The quest for solutions to global climate change has led scientists to explore innovative ways to reduce our reliance on fossil fuels. Among the myriad of challenges the world faces, finding cleaner, sustainable alternatives for hard-to-abate sectors like steel production, chemical manufacturing, aviation, and international shipping is paramount. These industries are on the cusp of a transformation, with green hydrogen—produced through the electrolysis of water using renewable energy sources—poised to play a pivotal role. Alkaline water electrolysis (AWE), a technology distinguished by its use of abundant materials like nickel (Ni) and iron (Fe) instead of rare noble metals, stands out as one of the most promising methods for large-scale green hydrogen production. Recent advancements have focused on enhancing AWE’s efficiency by minimizing the energy required while maximizing output, setting the stage for a sustainable energy revolution.

In a groundbreaking study led by Dr. Maximilian Demnitz, with the collaboration of Yuran Martins Lamas, Rodrigo Lira Garcia Barros, Anouk de Leeuw den Bouter, Prof. John van der Schaaf, and Dr. Matheus Theodorus de Groot at Eindhoven University of Technology, published in iScience, a novel approach to hydrogen production has been unveiled, marking a significant stride in sustainable energy research. By integrating iron into the electrolyte of alkaline water electrolysis systems, this team has not only showcased an innovative method to generate hydrogen but has also illuminated a path toward reducing our reliance on fossil fuels.

This inventive research not only promises to elevate the efficiency and viability of hydrogen production but also aligns with the global efforts to transition towards more sustainable energy solutions. The integration of iron into the electrolysis process serves as a catalyst, facilitating a more efficient and cost-effective method to produce hydrogen. This breakthrough is particularly impactful for sectors striving to shift from traditional fossil fuels to greener alternatives.

The study’s findings reveal that the presence of iron in the electrolyte significantly enhances the electrolysis process, making the production of hydrogen not only more efficient but also more viable for large-scale applications. This aligns with the global push towards renewable energy sources and the urgent need to find sustainable alternatives to fossil fuel consumption. “The inclusion of electrolyte iron acts as a catalyst, speeding up the hydrogen production process without the need for expensive and scarce materials or complicated catalyst design previously considered essential,” Dr. Demnitz explains, highlighting the transformative potential of their work. In summary, the work of Dr. Demnitz and his colleagues at Eindhoven University of Technology is a beacon of innovation in the field of sustainable energy. Their research in enhancing alkaline water electrolysis through electrolyte iron addition is not just a technical achievement; it is a step towards a cleaner, more sustainable future. Their findings hold the promise of accelerating the transition to green hydrogen, making it a cornerstone of our renewable energy landscape.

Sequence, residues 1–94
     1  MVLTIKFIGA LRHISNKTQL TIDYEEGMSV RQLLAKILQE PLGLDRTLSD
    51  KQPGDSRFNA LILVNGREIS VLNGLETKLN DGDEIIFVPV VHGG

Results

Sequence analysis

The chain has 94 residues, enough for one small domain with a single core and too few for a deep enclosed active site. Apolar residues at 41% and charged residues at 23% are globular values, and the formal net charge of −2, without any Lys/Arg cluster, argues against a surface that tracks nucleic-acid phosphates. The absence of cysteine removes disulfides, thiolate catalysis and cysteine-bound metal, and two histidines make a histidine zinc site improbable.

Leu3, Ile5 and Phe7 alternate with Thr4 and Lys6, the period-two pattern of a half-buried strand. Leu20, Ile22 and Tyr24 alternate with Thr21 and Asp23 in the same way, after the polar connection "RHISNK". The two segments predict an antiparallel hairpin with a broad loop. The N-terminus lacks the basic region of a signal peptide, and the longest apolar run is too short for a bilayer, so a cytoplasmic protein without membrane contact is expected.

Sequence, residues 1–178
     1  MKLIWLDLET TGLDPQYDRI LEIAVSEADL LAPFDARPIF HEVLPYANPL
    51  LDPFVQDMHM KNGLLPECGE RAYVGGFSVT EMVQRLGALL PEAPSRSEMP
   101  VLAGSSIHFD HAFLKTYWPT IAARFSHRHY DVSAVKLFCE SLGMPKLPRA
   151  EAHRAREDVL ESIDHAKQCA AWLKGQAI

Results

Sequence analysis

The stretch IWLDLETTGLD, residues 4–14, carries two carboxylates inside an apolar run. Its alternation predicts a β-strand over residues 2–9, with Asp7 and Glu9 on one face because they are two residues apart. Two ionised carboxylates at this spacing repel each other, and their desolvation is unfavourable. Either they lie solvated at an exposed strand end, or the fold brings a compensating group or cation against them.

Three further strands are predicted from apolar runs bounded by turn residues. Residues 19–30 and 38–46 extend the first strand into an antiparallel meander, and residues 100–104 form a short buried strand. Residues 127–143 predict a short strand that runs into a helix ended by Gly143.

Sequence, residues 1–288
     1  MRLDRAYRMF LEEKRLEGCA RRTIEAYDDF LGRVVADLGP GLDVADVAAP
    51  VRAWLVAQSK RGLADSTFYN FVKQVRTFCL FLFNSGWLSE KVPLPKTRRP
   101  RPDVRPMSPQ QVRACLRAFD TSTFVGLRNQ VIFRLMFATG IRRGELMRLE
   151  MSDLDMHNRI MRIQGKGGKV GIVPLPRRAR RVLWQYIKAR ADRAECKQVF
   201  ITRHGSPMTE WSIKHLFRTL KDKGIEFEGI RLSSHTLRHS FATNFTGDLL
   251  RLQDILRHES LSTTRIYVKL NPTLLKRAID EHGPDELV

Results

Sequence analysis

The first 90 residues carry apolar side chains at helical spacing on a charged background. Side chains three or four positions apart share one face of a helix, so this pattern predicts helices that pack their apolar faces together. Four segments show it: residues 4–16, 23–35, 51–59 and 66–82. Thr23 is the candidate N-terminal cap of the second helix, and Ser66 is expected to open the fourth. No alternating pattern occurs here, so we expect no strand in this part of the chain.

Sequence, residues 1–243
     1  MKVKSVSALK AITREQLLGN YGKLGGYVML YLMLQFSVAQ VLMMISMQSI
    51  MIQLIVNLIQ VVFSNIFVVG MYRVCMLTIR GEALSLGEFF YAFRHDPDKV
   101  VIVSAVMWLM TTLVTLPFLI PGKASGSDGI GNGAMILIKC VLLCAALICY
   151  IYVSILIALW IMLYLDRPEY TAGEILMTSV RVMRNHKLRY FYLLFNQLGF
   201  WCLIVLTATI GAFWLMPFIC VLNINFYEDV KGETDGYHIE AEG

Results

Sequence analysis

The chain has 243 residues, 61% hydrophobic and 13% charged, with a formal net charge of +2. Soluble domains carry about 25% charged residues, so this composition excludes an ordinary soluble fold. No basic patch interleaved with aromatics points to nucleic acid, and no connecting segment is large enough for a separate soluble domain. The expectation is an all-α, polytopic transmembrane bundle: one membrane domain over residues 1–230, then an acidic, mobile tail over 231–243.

Demnitz, M., et al. “Effect of iron addition to the electrolyte on alkaline water electrolysis performance.” iScience, 27(1), 108695, 2023. DOI:


Thijs de Groot is an associate professor in the field of electrochemical process technology. He conducts research into the production of green hydrogen by means of water electrolysis, with a particular focus on alkaline and anion-exchange membrane electrolysis. His research focuses on increasing the productivity and flexibility of these electrolyzers, looking at improving cell design, the effects of bubbles and supersaturation, the transport of ions and gases and the use of advanced electrochemical techniques such as electrochemical impedance spectroscopy.

Thijs de Groot has worked in the electrochemical industry for over 15 years and therefore has a good understanding of the challenges involved in developing and scaling up electrochemical processes.

Maximilian Demnitz background lies within the field of inorganic and thermodynamic chemistry. For his postdoctoral research, he has expanded his research to electrochemistry.

“Improving the performance of electrolysers and understanding the science behind it is the key aspect to quickly grow a flourishing hydrogen economy.

To this cause my research focuses on two aspects:

1) Enhancing the diaphragm and cell assembly used in alkaline water electrolysis to show lower resistances, less gas crossover, and participate in the catalytic reaction of H2 and O2 production.

To that extend we modify diaphragms with (catalytic) coatings and test the catalyst coated diaphragms (CCD) within the electrolyser. To that extend we further improve the diaphragm-electrode assembly in the cell to show optimal performance and long-term stability.

2) Understanding and evaluating the role of dopants in the electrolyte on electrolyser performance. Here, especially Fe is of interest, since it enhances electrolyser performance significantly. Further, a focus is set on vanadium doped electrolyte, which has been shown to stabilize longer term performance of the electrodes.”